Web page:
July 12, 2024

Nico Rosberg (GER) Mercedes AMG F1 and Lewis Hamilton (GBR) Mercedes AMG F1 at a team photograph. 27.11.2016. Formula 1 World Championship, Rd 21, Abu Dhabi Grand Prix, Yas Marina Circuit, Abu Dhabi, Race Day. Photo credit should read: XPB/Press Association Images.

Nico Rosberg makes Drive to Survive ‘disaster’ comment over Lewis Hamilton tensions

Nico Rosberg, the 2016 Formula 1 World Champion, has emphasized that if Netflix’s popular docuseries ‘Drive to Survive’ had been available during his championship-winning season, it would have been problematic. Since the show’s debut in 2019, it has significantly elevated F1’s popularity, particularly in North America. The United States has witnessed a surge in F1 interest, with the series providing an insider’s look into each Grand Prix.

Guenther Steiner, the Haas team principal, has gained popularity through the series, leading to the creation of a book about his experiences and the production of Steiner-themed merchandise for the team. ‘Drive to Survive’ has played a pivotal role in the expansion of F1 in the United States, contributing to the addition of three races to the F1 calendar.

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While most drivers appreciate being featured on the show, reigning World Champion Max Verstappen initially opposed it in 2021, accusing the producers of fabricating storylines. However, he later agreed to be filmed in 2022 after reaching an understanding with the series.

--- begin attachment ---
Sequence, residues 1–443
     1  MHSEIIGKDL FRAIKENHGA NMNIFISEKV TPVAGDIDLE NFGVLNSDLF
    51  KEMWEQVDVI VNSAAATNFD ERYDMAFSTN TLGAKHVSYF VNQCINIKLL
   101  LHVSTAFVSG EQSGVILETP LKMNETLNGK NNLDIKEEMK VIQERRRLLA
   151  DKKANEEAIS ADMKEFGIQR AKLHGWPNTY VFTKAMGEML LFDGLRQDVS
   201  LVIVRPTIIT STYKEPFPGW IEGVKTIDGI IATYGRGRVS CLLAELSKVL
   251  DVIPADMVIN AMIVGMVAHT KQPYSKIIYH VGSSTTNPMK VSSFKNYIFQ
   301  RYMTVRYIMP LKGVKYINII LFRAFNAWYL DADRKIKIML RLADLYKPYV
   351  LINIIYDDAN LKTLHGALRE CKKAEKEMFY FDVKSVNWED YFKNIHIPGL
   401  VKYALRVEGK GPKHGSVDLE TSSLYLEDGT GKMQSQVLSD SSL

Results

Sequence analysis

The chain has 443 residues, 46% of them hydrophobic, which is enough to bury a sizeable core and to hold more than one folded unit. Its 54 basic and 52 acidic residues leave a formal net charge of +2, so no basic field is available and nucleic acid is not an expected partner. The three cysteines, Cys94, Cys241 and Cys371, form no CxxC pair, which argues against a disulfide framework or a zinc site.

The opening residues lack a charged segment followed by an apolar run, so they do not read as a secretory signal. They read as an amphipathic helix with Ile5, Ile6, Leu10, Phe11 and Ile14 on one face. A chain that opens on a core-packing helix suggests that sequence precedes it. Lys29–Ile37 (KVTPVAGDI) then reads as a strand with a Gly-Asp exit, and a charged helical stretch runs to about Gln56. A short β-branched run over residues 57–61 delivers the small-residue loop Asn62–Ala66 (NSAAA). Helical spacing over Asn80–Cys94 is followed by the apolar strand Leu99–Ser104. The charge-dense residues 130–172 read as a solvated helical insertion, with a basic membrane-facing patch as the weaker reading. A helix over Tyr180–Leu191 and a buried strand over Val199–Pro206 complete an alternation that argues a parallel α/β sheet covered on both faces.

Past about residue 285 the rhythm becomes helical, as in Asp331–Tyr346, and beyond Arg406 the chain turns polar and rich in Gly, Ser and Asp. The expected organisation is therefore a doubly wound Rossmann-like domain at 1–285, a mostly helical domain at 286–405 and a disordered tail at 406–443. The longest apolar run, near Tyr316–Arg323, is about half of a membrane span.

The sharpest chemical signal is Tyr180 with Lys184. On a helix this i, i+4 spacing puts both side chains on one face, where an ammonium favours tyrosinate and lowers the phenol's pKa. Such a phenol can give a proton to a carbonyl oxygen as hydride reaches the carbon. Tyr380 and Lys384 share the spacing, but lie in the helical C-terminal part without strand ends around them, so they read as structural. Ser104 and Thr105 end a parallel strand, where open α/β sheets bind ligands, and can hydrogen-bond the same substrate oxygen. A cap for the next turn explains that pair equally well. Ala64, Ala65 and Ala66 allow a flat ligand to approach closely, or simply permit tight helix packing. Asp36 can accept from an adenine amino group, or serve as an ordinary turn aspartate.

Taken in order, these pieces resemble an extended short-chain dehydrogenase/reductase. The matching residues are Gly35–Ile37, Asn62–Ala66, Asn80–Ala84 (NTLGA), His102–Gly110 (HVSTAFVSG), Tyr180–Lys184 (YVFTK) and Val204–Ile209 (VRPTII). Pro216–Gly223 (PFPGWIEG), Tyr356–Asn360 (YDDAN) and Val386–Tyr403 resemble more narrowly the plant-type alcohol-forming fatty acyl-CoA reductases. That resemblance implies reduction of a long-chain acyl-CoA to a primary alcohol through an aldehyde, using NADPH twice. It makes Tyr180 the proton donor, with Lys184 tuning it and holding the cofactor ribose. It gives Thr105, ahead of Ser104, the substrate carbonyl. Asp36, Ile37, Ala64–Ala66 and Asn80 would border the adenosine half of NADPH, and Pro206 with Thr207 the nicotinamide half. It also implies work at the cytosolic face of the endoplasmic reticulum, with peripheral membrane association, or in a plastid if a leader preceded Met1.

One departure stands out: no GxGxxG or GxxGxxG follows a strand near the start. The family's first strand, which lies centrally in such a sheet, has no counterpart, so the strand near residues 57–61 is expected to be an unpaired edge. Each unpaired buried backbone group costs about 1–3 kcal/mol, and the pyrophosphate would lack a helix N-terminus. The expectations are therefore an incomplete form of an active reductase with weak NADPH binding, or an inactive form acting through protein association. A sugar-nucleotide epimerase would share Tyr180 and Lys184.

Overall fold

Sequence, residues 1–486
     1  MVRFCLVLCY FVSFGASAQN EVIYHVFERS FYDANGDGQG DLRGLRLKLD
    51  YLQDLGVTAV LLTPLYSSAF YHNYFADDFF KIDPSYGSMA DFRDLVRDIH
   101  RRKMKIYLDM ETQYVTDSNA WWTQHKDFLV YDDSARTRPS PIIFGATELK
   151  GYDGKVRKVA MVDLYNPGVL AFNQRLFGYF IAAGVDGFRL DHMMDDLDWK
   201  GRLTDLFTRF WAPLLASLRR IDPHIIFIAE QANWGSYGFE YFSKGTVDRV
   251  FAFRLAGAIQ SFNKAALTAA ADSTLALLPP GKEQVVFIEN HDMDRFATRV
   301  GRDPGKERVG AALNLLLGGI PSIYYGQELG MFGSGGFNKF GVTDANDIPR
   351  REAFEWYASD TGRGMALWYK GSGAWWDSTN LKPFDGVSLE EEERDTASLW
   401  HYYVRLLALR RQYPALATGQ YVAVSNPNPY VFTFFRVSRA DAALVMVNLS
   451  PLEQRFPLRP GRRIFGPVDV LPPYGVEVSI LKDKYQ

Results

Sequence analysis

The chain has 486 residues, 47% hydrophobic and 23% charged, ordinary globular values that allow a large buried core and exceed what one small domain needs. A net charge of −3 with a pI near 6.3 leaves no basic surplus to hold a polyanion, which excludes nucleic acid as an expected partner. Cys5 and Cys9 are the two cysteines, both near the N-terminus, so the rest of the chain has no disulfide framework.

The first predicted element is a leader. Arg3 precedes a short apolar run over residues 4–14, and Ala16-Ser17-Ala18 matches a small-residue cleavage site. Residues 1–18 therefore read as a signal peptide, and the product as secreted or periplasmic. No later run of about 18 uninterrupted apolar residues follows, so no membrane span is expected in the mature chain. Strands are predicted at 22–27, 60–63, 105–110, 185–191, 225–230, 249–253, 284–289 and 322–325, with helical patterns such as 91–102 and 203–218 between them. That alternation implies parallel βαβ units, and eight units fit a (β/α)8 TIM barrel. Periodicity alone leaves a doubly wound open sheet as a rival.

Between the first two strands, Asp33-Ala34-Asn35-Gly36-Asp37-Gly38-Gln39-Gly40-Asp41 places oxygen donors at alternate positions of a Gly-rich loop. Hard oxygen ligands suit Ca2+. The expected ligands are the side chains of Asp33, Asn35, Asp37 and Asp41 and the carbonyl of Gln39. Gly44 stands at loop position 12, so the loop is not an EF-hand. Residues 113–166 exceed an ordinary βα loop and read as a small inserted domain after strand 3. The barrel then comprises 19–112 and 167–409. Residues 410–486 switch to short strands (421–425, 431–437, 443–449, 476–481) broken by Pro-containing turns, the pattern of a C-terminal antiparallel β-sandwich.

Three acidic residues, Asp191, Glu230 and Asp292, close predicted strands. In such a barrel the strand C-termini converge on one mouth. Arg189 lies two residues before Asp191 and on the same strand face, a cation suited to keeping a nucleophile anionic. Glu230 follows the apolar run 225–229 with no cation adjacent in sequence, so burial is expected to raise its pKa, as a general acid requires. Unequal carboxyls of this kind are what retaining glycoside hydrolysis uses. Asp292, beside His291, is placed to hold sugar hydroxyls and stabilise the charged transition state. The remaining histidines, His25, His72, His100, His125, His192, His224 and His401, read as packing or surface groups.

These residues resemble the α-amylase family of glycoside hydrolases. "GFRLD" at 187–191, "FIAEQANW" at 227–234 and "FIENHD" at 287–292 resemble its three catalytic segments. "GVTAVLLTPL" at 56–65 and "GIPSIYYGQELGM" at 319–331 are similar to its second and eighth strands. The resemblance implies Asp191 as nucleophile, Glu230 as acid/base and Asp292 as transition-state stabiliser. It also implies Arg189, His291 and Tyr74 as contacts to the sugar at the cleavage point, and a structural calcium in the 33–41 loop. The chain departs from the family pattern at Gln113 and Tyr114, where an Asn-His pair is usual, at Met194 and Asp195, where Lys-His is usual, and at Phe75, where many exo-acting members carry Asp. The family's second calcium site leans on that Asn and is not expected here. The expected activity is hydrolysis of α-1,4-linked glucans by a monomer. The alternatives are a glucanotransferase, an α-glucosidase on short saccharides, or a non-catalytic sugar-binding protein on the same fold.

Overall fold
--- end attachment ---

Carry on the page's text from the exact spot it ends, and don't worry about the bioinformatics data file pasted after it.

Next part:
As Rosberg retired before the creation of ‘Drive to Survive,’ he never had the experience of being followed by cameras throughout a Grand Prix weekend. He acknowledges that if the series had been available during his championship-winning year in 2016, it would have diverted his focus from the title battle against Lewis Hamilton. Despite this, Rosberg acknowledges the positive impact ‘Drive to Survive’ has had on F1 viewership.

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In a statement to City A.M., Rosberg expressed, “No, no, no, that would be horrible. That would have been horrible because it would have taken concentration away from me actually winning the championship. That would have been a disaster. What F1 did so well with Netflix is that it’s a reality TV show. They got lucky that select individuals like Guenther Steiner [Haas team principal] or some of the team bosses really accepted to be real, even taking the risks associated with that. Formula 1 has had an incredible increase in viewership thanks to social media and Netflix, which has been phenomenal, but also thanks to the new generation, which is a very exciting generation. That’s been great to see, and all of us are tagging along in that a little bit, but [electric off-road racing series] Extreme E still needs to find other ways to generate audiences and grow.”

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